Gentlemen at Nantes to the American Commissioners1
ALS: American Philosophical Society
<Nantes, January 28, 1779: The memorial from the undersigned American gentlemen, merchants and commanders of vessels at Nantes, shows that merchants now incur an inconceivable expense in outfitting their vessels, many of which may not sail because of the unjust conduct of the seamen and lack of an official to arbitrate disputes between American captains and sailors. Seamen are encouraging one another to leave their vessels, taking their two months’ advance, and enter French service. The memorialists have applied to the Commissary of Marine who, though full of zeal, had no jurisdiction and referred them to you, as did Schweighauser. According to the 29th article of the Treaty of Amity and Commerce, consuls and agents are to be appointed in each port. They request your Honors to appoint consuls and to invest someone with the power to arbitrate these cases. They refer you to the enclosed case of Josiah Darrell.2>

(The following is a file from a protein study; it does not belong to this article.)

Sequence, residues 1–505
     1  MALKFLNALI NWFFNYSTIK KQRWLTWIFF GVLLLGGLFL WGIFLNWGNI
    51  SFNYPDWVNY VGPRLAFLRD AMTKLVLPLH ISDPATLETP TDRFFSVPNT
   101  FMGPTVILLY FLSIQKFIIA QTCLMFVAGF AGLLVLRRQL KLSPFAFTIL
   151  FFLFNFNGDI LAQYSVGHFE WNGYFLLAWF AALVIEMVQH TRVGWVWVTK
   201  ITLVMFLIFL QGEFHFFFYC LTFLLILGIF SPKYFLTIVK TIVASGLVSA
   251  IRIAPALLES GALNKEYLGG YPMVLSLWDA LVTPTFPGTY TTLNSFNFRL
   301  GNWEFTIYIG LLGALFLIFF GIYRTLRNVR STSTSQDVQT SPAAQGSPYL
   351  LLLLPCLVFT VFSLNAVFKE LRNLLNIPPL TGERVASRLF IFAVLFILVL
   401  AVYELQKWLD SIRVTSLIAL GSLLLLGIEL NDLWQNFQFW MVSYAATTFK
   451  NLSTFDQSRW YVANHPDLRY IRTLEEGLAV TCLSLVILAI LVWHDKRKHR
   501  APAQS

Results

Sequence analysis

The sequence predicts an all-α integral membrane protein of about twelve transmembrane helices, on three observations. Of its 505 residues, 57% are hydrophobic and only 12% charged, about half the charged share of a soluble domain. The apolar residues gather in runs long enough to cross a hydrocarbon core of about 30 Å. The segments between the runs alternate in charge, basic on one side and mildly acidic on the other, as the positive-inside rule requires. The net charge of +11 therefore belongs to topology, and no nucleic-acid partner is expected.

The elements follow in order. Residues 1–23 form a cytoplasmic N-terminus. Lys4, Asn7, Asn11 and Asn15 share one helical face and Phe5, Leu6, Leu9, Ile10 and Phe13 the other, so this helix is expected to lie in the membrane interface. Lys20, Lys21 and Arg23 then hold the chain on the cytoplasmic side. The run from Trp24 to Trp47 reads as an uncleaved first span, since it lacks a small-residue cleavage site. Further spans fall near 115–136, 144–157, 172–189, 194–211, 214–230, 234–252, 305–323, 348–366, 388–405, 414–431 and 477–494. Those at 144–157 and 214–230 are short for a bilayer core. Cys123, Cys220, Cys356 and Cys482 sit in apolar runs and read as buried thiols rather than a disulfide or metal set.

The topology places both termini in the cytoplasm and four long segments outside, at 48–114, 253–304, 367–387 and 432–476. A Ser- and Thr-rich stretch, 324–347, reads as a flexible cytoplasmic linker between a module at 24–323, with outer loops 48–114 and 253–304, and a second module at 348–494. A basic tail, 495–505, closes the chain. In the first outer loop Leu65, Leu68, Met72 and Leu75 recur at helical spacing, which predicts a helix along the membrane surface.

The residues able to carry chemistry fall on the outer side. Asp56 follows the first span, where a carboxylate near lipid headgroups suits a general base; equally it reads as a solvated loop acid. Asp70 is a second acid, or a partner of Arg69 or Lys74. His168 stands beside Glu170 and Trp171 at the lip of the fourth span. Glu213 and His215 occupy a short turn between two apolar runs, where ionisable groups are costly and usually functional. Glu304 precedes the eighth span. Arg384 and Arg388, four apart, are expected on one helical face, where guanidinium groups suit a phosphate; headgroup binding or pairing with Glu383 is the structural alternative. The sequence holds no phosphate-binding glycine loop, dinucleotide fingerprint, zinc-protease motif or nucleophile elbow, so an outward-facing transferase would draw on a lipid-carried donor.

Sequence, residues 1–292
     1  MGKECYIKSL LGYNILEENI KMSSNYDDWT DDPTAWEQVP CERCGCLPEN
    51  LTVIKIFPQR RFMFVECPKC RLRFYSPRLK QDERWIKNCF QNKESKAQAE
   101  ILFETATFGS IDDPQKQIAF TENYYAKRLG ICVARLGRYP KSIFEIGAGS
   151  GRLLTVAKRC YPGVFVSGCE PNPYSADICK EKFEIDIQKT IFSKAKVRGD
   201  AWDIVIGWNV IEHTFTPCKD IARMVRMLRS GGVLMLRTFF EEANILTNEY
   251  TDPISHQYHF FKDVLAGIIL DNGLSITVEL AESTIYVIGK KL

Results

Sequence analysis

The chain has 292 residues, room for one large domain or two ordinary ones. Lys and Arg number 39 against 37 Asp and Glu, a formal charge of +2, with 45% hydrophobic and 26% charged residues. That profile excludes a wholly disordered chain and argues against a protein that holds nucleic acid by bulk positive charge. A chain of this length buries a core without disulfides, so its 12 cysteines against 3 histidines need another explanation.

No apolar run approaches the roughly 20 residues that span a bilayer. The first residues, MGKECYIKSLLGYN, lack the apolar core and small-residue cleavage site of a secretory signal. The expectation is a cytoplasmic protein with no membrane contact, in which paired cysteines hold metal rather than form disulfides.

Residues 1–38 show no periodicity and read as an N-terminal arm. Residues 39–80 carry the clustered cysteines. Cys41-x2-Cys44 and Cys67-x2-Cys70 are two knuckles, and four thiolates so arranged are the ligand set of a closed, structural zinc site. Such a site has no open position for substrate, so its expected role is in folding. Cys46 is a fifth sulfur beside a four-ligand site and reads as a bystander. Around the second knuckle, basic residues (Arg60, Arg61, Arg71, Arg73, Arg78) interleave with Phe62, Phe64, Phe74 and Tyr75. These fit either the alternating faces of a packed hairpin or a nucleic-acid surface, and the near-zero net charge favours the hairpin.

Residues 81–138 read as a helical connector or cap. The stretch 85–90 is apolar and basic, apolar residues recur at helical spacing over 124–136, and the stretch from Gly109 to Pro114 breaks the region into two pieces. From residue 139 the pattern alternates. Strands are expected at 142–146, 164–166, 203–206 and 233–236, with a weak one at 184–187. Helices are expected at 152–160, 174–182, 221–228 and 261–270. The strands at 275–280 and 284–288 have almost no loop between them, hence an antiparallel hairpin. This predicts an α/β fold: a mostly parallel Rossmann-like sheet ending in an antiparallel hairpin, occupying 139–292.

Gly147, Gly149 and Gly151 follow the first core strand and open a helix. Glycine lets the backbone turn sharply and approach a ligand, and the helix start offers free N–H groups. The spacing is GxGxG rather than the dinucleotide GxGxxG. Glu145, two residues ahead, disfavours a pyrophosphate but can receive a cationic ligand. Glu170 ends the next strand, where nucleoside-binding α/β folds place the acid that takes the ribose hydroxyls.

1. Published in Taylor, Adams Papers, VII, 384–6.
2. Darrell’s letter is above, Jan. 25. The signers of this memorial include Lloyd, Daniel and William Blake, Fendall, Wharton, Ross, Thompson, Gilbank, Ogilvie, Mease, Darrell, Johnson, and Robert Brooke. Four signatures appear for the first time: Wm Robeson, F. Speak, Charles Jenkins, and John Joyner. Capt. William Robeson of South Carolina (who appeared under the name of Robertson in XXVII, 119n) is not introduced to BF until March 14, in a letter to WTF from Thomas Waties (APS). Speak may have been the former captain of the Md. sloop Potomack, Francis Speake: Naval Docs., VIII, 139. For Captain Jenkins see XXV, 645n, 649, 673–4. Joyner is identified in the annotation to Gilbank’s letter of Nov. 28.